Infrared spectroscopy has the capacity to predict soil organic carbon (SOC) and total nitrogen (TN) at local/regional scales, but no studies have been conducted to evaluate this technique at a large (cross-regional) scale in Canada. In this paper, mid-infrared (MIR) and near-infrared (NIR) spectroscopies in combination with partial least-squares regression (PLSr) were used to predict SOC and TN in whole soil and in particulate organic matter (POM) fractions on cross-regional, regional, and local scales. Both MIR- and NIR-PLSr models have well estimated SOC [coefficient of determination (R2) = 0.79–0.92, residual prediction deviation/ratio of prediction to deviation (RPD) = 2.19–3.47], TN (R2 = 0.70–0.92; RPD = 1.83–3.50), POM-C (R2 = 0.76–0.96; RPD = 2.04–5.25), and POM-N (R2 = 0.70–0.97; RPD = 1.83–5.78). The prediction efficiency of cross-regional models (R2 = 0.90–0.96; RPD = 3.13–5.49) was similar to or better than the prediction of regional (R2 = 0.70–0.97; RPD = 1.83–5.78) and local models (R2 = 0.70–0.96; RPD = 1.83–5.33) and overall MIR-PLSr models (R2 = 0.90–0.96; RPD = 1.98–3.47) yielded similar predictions for SOC and TN relative to NIR-PLSr models (R2 = 0.70–0.92; RPD = 1.83–3.50) at cross-regional scale. Hence, it may be possible to develop MIR and (or) NIR spectral models to estimate and monitor SOC, TN, POM-C, and POM-N, and therefore, soil quality, in a rapid and cost-efficient manner across regions with diverse soil types, climate, and cropping history.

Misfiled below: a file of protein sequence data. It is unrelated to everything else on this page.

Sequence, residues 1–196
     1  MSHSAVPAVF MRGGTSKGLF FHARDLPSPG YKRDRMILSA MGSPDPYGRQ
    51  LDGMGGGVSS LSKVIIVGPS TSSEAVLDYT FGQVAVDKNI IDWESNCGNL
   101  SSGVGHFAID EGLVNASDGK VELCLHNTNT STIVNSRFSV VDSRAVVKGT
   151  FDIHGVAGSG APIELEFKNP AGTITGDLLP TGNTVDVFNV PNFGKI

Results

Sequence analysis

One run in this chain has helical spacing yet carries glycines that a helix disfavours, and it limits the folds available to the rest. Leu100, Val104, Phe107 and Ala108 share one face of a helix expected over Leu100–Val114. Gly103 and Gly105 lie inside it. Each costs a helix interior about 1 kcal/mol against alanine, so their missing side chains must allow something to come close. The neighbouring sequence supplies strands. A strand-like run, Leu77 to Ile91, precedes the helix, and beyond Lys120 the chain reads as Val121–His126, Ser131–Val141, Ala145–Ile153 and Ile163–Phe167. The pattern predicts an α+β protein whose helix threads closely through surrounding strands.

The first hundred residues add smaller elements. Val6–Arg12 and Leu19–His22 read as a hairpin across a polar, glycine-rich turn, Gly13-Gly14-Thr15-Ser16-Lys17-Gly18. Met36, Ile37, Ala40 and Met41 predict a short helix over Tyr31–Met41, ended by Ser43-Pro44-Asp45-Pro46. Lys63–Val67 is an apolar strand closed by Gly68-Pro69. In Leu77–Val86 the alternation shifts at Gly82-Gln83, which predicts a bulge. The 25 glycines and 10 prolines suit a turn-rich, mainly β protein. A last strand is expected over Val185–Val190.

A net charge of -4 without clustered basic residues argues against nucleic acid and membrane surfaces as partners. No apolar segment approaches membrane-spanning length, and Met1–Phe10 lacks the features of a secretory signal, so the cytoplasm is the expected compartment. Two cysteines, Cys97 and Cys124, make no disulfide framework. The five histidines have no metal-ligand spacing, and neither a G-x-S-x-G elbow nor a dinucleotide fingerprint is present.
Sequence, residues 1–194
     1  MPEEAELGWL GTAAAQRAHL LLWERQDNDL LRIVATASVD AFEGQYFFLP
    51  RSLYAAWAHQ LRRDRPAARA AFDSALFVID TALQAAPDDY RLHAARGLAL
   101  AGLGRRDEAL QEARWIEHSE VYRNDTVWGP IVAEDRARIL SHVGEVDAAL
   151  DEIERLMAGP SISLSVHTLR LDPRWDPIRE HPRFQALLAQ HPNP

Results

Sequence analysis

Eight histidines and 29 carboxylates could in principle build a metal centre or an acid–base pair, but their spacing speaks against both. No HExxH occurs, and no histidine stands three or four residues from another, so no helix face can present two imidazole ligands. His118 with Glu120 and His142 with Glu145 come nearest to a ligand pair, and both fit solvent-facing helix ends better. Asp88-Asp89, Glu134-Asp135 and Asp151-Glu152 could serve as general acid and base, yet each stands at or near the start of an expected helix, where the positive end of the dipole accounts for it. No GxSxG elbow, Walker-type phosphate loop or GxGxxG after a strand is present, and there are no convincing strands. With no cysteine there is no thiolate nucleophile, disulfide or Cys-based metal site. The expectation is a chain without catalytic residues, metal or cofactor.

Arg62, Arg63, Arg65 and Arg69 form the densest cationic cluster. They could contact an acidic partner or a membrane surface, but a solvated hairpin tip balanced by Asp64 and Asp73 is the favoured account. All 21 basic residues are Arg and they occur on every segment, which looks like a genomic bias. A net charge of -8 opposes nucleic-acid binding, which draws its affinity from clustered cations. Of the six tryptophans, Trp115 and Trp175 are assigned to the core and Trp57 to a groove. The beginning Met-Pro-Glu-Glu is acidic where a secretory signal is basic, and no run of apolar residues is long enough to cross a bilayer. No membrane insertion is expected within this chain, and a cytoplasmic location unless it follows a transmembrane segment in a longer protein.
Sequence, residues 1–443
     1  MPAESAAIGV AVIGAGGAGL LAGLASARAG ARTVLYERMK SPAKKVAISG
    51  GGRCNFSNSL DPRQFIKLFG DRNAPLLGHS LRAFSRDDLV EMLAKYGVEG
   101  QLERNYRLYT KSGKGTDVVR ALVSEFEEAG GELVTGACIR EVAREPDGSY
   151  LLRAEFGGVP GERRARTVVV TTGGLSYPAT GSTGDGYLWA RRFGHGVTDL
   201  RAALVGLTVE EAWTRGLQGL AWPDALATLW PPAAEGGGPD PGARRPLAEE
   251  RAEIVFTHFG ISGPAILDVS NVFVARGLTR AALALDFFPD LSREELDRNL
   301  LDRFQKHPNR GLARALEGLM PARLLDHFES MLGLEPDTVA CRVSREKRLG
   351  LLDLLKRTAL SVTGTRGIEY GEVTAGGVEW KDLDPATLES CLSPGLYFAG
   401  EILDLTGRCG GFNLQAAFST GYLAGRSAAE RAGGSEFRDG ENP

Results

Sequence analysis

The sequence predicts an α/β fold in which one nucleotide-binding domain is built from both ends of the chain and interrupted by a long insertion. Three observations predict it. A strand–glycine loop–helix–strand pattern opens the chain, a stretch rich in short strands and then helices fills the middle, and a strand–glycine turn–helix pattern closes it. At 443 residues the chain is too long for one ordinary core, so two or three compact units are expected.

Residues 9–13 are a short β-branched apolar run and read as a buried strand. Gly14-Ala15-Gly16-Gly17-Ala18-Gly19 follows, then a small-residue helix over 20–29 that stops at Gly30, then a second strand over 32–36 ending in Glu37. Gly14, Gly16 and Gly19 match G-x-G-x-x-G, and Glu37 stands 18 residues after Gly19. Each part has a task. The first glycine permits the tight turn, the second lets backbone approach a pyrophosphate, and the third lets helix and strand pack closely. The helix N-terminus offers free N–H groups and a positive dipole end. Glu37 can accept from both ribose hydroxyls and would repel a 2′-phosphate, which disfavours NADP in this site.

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Vol. 98 • No. 1